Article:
I am a huge fan of Fluttery Records, and I haven’t had the opportunity, until now, to talk about two of their releases that I listed in my Top 50-ish recordings of 2014.
First up is a wonderfully atmospheric post-rock rollercoaster of an album, Dogma by Gespenst. It moves from engaging glitchy electronics to blistering post-metal … from there to an atmospheric, neo-classical-infused post-rock. It really does twist and turn as the album evolves, and this is part of the appeal.
I found Dogma to be a compelling listen; it is deeply engaging, with an emphasis placed on atmosphere and melody. The opening track, “Grace”, evolves dramatically as it builds in intensity, moving from glitchy electronics to more driving metal before dropping down to allow a strange chant to be heard … then “Dogma”, the title track, kicks off and we are in full-on instrumental post-metal territory, with driving riffs building the foundation for the lead guitar playing a staccato melody. It really is a beaut of a track.
From “Dogma” we move towards more post-rock territory, infused with a neo-classical sensibility: “Cerca Trova”, with its piano-led melody and sweeping chords that interplay with ominous percussion and guitars to create the most delightfully engaging sound, one that is enhanced with the inclusion of a violin playing a counter-melody … the wall-of-sound that is “Immortal” with its multiple layers and driving percussion … or even the tour-de-force that is the closing track — “Everything Ends” — a track Mogwai would be very proud of.
Dogma is a post-rock lover’s dream — totally engaging and immersive, with a variety of sounds and textures to keep the listener very attentive.
Next up we have Starting Over by Summer Effect, an album that says so much in its short 29-minute duration.
From the opening layers of sound in the opener, the title track, “Starting Over”, to the closing refrain of “Humanity”, this is a blistering, no-holds-barred set of full-on, big guitar-oriented post-rock.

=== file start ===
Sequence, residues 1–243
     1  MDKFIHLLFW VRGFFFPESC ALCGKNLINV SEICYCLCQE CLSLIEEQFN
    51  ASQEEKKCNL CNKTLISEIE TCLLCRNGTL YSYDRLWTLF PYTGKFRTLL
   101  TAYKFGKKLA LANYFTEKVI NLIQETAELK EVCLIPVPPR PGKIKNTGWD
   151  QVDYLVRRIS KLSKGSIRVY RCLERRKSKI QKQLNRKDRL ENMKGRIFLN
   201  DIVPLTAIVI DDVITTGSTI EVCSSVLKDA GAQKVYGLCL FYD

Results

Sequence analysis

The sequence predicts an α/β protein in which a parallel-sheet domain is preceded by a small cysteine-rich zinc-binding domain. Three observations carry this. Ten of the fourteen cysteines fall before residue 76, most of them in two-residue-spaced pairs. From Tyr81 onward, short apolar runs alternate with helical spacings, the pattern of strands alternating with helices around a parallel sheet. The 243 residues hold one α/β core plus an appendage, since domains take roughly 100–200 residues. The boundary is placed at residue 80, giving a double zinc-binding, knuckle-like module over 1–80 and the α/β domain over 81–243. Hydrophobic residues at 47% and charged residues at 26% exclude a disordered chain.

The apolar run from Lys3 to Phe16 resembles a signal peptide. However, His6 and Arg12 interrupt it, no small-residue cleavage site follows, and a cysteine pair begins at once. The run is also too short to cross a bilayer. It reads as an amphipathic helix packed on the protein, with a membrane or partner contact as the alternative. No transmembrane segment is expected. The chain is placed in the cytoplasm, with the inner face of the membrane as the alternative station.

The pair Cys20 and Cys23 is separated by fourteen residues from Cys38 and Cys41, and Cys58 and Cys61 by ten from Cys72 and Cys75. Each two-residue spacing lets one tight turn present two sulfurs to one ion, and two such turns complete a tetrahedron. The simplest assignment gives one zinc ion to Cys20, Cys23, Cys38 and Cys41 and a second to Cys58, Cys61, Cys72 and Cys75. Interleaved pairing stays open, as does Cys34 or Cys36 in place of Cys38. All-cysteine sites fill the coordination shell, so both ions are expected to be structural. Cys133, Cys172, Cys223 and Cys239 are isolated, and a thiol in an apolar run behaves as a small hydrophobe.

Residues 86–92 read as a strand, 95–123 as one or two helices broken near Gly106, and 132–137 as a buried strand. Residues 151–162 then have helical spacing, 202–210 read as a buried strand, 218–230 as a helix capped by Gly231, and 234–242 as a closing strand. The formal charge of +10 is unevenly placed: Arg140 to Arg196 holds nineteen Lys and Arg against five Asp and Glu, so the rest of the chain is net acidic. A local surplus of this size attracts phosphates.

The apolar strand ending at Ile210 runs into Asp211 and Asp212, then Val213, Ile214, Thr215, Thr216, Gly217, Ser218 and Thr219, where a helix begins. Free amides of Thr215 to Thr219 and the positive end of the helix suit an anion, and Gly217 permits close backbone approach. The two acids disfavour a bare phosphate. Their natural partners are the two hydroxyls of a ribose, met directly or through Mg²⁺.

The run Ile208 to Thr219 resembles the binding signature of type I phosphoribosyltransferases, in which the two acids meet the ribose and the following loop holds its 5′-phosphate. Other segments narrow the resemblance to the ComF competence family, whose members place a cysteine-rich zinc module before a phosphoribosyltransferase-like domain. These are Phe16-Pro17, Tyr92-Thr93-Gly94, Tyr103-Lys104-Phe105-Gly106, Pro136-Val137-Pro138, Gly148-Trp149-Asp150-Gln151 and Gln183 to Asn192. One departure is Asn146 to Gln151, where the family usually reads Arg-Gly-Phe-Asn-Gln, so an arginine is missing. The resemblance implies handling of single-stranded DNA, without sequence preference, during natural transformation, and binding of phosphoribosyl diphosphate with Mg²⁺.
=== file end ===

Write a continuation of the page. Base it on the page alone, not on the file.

I cannot fault this release. It scratches that particular itch that I, as a post-rock fan, have for a progressive, face-melting aural assault … one that places the emphasis firmly on both dynamics and melody. With great power comes great responsibility, and Summer Effect get this timeless adage.
Dynamics are critical for post-rock to really work, and they nail it with their tight delivery, which is timed to perfection. Summer Effect get contrast, and they readily express themselves in contrasting terms such as quiet and loud, slow and fast, small and big, with “Light and Rain” being a prime example of this.
What’s more, they manage all this ooomph without sacrificing melody and counter-melody; “Dance for Borneo” is, in places, a loud and heavy track but it holds true to a powerful melody, one I’ve found myself humming long after I’ve been listening to the track.
Starting Over is well worth a listen … preferably loud. Just remember your neighbours!
The third and final recording worthy of your attention was not listed in my Top 50-ish of 2014 due to the fact it is a re-release, albeit a new release on Fluttery: Romance by Row Boat is a remarkable EP, one that sings to my heart.
Mark Wardale, the man behind Row Boat, is a personal friend and someone whose presence on my timeline and in my headphones is always welcomed. He has a love for life that is infectious and this comes over in his music, music that nicely fits in the more neo-classical, ambient-inspired end of post-rock and is very reminiscent of less frenetic work of Sigur Rós.
Romance is an exemplary recording, full of life and love. It is delicate and nuanced, with a Romantic subtlety best suited for late nights and lazy Sunday mornings. The Danes have a concept called hygge. According to MNN it is loosely translated at “togetherness,” and “coziness,” though it’s not a physical state, it’s a mental one. Romance has a real, palpable sense of hygge running through it, a sense of togetherness that makes this release the ideal soundtrack to a cozy night in with your significant other.
This EP lives up to its name … and that, for me, is the best compliment I can give it. As such, it comes highly recommended by me. Get indoors, get this on and snuggle down deep while the snow falls and the wind howls.